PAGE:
CL: How has your environment influenced your work?
Oh: I spend a lot of time walking in the woods to soak in and collect my thoughts before each writing session. I believe it is imperative to have a dedicated writing space. Having time and space is integral to my success.
CL: What is your favorite thing about writing? Your least favorite?
Oh: I don’t particularly enjoy reading what I write. I am my own harshest critic. I like to use the protagonists I create in my stories to explore possibilities for new directions, dialogues, or thought processes in my own life the same way an actor uses a character in a movie or play.
CL: Who are you currently reading?
Oh: No time to waste – Pema Chodron
CL: Why did you start writing? What prompted you to take the leap?
Oh: Synchronicity. The story came when I was emotionally and intellectually ready to articulate it. My partner Sujata encouraged me from the start. Without his support and trust in me, the story would never have been published.
CL: What/who is your all-time favorite book/author? Why?
Oh: There are so many for so many different reasons.
Siddartha – Hermann Hesse
Ask the Dust – John Fante
The Stranger – Albert Camus
Death on Credit – Louis-Ferdinand Celine
Soil Growth – Knut Hamsun
Black Rain – Masuji Ibuse
The Ring of the Path – Taisen Deshimaru
CL: What distinguishes your work from other authors of the same genre?
Oh: The unfiltered access to protagonist Ian’s introspective, sarcastic, and heartbreaking voice is unique to the Spiritism genre. The reader can connect to his thoughts, interactions and metamorphoses in real time. I have found that rarely in literature is the male voice so vulnerable and accessible. Societal stereotypes tell us that men cannot be thoughtful, sensitive, or display emotions. We are fed garbage that we have to push away feelings, rub dirt on and suck it up.
The following is an excerpt from Andrew Housley’s latest book “Waiting Impatily”.
… I stop to reflect on the beauty in front of me. I climb on the thick trunk of an age-old tree in the shape of a hand. Sitting in the palm of this proud giant oak tree, its five large fingers reach up protectively, surrounding me. Farther on I can see the scattered clumps of dormant dogwood trees above the sparkle of a stream flowing water down the narrow serpentine spine of the hill to the river waiting in the distance. Twenty meters away stand the dead remains of a tree like the one I’m sitting on. His hollow limbs gripped the heavy chains of thick green vines, slowly overtaking him, dismantling him and dragging him back to Earth. An immense sadness came over me.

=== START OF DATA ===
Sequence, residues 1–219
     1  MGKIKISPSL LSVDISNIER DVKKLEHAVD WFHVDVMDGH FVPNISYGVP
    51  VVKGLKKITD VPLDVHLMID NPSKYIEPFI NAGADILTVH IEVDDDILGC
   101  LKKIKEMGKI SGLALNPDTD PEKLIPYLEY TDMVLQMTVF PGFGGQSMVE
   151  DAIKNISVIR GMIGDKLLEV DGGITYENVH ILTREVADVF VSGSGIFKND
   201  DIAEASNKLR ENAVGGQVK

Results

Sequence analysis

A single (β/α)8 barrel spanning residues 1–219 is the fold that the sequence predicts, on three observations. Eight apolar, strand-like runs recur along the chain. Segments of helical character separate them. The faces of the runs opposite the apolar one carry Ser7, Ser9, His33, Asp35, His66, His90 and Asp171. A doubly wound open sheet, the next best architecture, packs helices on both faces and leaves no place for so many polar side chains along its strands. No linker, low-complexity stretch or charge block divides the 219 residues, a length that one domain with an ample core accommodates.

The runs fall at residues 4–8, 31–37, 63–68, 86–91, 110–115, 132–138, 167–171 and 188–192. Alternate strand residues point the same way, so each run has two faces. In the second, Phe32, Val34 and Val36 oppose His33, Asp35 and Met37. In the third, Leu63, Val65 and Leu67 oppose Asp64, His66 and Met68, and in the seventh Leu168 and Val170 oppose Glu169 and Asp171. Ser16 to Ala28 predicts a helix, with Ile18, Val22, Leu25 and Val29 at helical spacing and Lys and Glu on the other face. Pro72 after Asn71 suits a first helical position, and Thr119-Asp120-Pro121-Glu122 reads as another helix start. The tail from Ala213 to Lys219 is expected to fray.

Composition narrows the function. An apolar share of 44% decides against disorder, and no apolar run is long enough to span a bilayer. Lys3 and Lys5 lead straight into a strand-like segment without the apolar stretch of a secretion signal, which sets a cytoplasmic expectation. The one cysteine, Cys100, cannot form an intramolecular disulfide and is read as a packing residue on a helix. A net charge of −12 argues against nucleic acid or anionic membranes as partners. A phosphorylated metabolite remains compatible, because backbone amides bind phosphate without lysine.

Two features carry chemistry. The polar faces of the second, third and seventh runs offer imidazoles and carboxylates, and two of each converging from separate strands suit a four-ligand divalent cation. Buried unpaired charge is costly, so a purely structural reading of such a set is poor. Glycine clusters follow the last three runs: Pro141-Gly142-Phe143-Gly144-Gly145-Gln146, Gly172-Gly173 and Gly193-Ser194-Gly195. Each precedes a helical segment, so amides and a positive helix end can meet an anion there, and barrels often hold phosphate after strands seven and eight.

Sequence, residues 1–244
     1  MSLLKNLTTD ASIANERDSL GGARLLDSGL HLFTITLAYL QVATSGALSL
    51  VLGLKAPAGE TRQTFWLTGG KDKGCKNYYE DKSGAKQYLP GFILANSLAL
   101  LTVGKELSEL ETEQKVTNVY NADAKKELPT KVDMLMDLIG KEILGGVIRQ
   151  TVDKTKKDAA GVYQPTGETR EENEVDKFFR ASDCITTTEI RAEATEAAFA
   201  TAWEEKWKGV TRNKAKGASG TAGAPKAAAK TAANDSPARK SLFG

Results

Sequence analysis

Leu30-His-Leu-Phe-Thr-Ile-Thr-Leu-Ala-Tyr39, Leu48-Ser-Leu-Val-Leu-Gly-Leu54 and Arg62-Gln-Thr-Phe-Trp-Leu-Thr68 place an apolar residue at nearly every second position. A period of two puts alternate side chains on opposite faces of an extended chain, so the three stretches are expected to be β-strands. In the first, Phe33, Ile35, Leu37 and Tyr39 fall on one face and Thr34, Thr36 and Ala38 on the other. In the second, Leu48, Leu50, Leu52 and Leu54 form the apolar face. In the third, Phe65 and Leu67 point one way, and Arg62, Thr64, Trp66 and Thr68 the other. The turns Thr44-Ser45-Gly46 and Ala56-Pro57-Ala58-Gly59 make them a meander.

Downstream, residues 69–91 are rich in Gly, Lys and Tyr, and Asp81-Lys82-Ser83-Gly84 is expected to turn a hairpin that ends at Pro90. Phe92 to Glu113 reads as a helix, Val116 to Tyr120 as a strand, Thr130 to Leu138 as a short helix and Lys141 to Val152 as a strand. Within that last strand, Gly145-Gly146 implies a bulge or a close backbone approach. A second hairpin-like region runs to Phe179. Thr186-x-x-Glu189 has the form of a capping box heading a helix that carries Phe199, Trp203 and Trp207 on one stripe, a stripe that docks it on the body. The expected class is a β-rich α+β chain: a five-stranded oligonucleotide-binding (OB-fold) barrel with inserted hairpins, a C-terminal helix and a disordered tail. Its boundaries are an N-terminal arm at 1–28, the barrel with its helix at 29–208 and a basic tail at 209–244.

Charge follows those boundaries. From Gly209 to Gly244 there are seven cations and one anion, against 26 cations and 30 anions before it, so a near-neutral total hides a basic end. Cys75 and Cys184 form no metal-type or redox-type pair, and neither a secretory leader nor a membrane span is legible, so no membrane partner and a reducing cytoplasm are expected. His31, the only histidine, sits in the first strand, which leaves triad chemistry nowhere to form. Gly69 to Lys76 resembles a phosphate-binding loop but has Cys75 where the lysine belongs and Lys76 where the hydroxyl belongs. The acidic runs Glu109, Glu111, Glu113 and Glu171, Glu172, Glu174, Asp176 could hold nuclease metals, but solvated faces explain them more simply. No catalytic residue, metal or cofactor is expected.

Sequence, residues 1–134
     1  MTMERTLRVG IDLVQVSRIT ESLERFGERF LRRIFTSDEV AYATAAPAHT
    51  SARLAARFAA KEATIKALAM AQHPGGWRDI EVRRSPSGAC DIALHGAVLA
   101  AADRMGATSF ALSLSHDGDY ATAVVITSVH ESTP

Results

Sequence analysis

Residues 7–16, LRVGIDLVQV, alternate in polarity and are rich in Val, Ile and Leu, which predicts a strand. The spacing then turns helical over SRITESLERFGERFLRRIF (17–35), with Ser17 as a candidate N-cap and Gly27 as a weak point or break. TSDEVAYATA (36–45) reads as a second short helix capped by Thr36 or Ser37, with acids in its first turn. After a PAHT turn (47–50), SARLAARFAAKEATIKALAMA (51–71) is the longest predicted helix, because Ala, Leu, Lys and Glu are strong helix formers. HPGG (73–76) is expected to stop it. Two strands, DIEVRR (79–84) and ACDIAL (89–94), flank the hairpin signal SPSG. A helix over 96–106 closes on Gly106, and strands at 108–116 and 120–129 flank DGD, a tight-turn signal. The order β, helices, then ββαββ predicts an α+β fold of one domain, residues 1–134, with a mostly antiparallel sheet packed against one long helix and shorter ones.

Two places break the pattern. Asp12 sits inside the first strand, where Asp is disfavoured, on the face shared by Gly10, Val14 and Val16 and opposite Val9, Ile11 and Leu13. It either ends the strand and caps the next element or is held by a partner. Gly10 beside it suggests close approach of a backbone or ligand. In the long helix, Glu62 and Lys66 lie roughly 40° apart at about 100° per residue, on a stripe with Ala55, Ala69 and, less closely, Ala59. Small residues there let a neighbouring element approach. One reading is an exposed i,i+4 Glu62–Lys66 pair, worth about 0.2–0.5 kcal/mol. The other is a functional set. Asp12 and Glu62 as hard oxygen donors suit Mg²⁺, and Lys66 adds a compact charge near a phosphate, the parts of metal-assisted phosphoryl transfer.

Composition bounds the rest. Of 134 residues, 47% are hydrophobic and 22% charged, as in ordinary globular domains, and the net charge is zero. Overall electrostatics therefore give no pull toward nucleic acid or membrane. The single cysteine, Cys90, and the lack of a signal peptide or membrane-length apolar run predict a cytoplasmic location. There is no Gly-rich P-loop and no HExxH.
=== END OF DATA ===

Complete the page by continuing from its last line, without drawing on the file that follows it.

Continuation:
I think of the two trees; which they had witnessed during their 100 years of existence. Unexpectedly, they accidentally caught life at the same time. They have been through periods of drought, pollution, heavy rains, high winds and more than an inconsiderate dog together. They most likely suffered, but continued through this period, becoming more resilient to the shadow of each other’s growth support. At some point, whether through lightning or illness, a life companion gave way to death. Leaving the other alone in this beautiful cursed place to see his partner disintegrating little by little. I cry tears of despair; the nature of time can be so cruel.
Protected inside the healing hand, I fight for stillness but quickly give up my attack. Eyes closed, I surrender little by little to the power and energy of the place. My mind is flooded with koans.
“Am I like this mighty oak tree? What is my true nature when I think of this tree?
“Will I get through this time of uncertainty and continue to thrive?”
“Will I adapt and grow?”
“Am I doomed to live this life alone?”
“Will I get to the other side any other way?”
“Yes, I will be unable to hide the twists, knots and broken limbs that come with this change. Wear them as a badge of honor.
My heart swells with sympathy. Effortlessly, I tune into that feeling, wrapping my arms around her, feeling the warmth of her grip. In this caress, I am lifted. Like the wind through the trees, my soul screams to be free, and thoughts of my father, his painful dance with the nature of time, invade the wasteland of my mind.
A text from my dad. “I die.” Simple, direct, devoid of emotion, and a fact, the only way he knew how to communicate. He never texted or called, for that matter. We hadn’t spoken to each other for years. Some things were better left unsaid.